Clinically, tension headaches result from tightness in muscles within the neck, scalp and shoulder girdle regions. The tension created by this tight musculature results in a lack of blood flow to the cranium.
Tension headaches are characterized as either Episodic or Chronic.
- Episodic TTH (Tension-Type Headaches) occur infrequently, less than half of days in a month, and are reported by over 70% of the adult population.
- Chronic TTH occur more than half of days within a month and are reported by 1-3% of adults. (1)
BMJ Best Practice online provides further clarity in describing tension (tension-like) headaches:
- Stress and mental tension are common triggers.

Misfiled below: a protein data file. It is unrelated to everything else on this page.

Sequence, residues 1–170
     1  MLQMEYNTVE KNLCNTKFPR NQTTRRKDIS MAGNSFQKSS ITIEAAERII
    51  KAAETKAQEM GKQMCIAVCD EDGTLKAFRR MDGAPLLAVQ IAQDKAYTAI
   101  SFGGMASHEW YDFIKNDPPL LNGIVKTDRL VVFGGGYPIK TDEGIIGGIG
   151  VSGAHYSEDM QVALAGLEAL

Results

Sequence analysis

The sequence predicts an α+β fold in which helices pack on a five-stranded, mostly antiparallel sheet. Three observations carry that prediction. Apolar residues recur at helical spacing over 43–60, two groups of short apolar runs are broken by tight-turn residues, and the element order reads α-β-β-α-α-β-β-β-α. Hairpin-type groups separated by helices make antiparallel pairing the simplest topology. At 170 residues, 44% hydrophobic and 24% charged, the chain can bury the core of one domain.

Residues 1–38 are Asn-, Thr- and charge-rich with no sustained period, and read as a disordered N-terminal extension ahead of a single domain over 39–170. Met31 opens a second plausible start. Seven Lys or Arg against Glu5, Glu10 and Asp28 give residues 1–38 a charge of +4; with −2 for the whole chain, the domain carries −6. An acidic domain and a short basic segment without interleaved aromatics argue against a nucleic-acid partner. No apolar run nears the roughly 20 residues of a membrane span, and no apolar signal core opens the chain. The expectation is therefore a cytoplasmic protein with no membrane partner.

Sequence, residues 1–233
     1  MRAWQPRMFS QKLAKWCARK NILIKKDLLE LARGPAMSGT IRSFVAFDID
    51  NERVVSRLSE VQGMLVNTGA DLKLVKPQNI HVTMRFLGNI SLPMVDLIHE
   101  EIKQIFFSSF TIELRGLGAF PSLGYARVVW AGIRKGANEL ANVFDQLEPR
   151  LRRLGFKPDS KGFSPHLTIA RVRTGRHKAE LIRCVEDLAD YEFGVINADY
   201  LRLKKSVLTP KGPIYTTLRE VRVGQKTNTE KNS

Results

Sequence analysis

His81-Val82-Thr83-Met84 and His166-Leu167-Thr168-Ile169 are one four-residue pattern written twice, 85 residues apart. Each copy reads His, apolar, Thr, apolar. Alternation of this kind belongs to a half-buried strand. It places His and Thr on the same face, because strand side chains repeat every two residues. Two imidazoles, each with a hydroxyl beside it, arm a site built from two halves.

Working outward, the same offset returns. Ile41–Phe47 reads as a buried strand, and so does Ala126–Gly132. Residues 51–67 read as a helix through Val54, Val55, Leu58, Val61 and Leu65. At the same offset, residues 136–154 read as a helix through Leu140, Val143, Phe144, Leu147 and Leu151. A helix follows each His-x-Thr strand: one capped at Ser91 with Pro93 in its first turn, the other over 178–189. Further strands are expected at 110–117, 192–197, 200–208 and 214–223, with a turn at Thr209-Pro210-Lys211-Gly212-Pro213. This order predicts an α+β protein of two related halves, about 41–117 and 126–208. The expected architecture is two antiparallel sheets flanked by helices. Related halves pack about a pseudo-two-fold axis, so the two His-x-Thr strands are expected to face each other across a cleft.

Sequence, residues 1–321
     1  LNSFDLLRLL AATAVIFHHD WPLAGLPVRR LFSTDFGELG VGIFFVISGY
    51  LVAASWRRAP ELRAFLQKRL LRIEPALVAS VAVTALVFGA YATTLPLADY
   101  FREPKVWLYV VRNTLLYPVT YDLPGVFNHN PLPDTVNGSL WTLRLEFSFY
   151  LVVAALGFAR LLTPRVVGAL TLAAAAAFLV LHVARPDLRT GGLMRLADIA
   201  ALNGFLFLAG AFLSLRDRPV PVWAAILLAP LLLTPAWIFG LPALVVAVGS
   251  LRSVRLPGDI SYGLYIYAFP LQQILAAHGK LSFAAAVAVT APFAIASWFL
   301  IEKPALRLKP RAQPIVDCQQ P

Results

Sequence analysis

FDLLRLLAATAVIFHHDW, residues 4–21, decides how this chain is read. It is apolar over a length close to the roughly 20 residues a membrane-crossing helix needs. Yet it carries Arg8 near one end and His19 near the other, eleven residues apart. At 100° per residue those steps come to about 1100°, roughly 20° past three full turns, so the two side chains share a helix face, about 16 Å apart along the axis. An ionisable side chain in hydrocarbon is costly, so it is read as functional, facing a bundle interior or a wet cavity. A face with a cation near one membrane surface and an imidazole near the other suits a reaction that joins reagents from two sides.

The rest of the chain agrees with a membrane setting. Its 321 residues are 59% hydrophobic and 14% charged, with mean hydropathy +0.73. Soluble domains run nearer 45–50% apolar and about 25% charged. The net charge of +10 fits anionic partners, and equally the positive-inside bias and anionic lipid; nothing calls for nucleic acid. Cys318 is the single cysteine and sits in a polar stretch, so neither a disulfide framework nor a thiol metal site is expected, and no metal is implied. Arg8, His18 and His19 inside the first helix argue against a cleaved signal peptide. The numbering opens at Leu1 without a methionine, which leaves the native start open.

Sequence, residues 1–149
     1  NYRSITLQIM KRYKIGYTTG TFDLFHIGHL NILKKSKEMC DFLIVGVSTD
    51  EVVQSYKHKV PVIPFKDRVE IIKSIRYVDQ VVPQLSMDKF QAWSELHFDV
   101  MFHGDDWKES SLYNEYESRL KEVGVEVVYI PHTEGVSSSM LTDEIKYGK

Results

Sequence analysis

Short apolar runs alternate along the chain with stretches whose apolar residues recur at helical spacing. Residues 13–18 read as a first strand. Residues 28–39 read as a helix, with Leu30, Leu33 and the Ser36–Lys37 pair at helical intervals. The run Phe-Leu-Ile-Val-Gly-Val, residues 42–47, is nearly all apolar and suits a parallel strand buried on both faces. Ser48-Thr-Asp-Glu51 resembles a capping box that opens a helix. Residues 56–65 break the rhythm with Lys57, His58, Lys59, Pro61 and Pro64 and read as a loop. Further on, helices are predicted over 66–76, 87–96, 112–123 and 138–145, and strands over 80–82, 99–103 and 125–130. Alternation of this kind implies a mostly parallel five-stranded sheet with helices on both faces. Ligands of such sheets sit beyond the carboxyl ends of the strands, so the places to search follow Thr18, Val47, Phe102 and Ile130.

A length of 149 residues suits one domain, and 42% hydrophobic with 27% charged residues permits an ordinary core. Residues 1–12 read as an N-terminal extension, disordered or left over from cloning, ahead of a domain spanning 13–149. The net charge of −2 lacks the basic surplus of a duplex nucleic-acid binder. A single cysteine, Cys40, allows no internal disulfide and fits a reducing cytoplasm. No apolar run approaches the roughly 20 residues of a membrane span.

- Common symptoms include dull, non-pulsatile (no pulsing felt) with pain felt bilaterally and non-severe constricting pain.
- There are no migraine sensations experienced.
- Remedies which alleviate muscle tension can alleviate tension headaches. These include physiotherapy, biofeedback and relaxation techniques. (2)
Tension type headaches affect millions of Americans annually. Many research studies have been conducted to determine how prevalent these headaches are witnessed in society. Baltimore County, Maryland studied over 13,000 individuals from their local community and determined prevalence of headaches, both episodic and chronic, peaked within the 30-39 year age range (42.3% in men, 46.9% in women). (3)
Some people also report irritability, fatigue, mood changes and depression if tension type headaches are consistently experienced. The mental toll headaches can take upon a person can become significant. The constant and frequent nature of headaches can feel burdensome and never-ending.
Massage Therapy for Tension-Type Headaches
Massage therapy can be a welcome part of a treatment plan to alleviate the physical and metaphysical manifestations of TTH.